Alongside its promise and opportunities for success, its challenges, combined with recent global changes caused by COVID-19, will dictate IoT market trends.

For both the organizations trying to get IoT projects off the ground and those that are looking to use IoT more, the challenges are complexity and technical hurdles, security concerns, budget and staff resources, and regulatory issues.

Technical challenges

The diversity of devices, networks, and cloud technology offerings introduces complexity and creates compatibility issues. For example, Bluetooth has long been the compatibility standard for in-home mesh networks. However, competing protocols such as Zigbee, Z-Wave, and EnOcean have similar value offerings. It will take a while for the market to settle enough to establish a universal standard for home IoT.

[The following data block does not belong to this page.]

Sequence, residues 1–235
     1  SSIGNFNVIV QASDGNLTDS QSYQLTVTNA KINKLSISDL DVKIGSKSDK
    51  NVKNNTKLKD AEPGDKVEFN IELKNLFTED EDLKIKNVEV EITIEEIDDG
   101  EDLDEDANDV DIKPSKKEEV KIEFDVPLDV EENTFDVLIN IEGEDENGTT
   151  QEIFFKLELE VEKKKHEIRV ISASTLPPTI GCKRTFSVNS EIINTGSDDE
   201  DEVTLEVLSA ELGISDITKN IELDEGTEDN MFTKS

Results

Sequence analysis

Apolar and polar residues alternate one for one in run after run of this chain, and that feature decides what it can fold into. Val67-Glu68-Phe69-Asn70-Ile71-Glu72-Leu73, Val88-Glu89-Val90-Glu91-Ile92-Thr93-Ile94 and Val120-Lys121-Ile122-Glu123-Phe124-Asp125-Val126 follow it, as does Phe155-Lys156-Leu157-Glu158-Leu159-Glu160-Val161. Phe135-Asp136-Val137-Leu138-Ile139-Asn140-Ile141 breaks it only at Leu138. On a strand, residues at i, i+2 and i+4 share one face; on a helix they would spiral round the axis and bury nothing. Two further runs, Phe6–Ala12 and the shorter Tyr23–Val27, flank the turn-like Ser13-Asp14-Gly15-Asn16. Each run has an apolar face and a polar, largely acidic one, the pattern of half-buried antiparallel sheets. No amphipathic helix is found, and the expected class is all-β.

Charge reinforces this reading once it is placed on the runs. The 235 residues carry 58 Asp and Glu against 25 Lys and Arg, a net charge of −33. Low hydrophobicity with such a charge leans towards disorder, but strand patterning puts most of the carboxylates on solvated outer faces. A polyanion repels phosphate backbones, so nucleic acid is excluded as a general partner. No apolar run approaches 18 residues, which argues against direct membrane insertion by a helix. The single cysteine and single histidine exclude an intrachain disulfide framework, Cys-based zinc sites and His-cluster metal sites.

As the size of the IoT market grows exponentially, bandwidth-intensive IoT applications such as video streaming will soon struggle. Technologies such as edge computing and decentralized networks will serve as a solution to this challenge. But these technologies also bring their own complexities.

Security challenges

Security is a universal challenge in IoT because the devices increase the number of areas for potential cyber-attackers to penetrate a secure network.

Attackers most often explore the security vulnerabilities found in the IoT devices. One of the top security priorities is software and firmware management. This area has proved vulnerable in the past due to the inadequacy of encryption protocols (98% of all IoT device traffic is unencrypted), hardware and software testing tools, and the updating of software and firmware. Additionally, many IoT devices still operate with default passwords and unpatched software.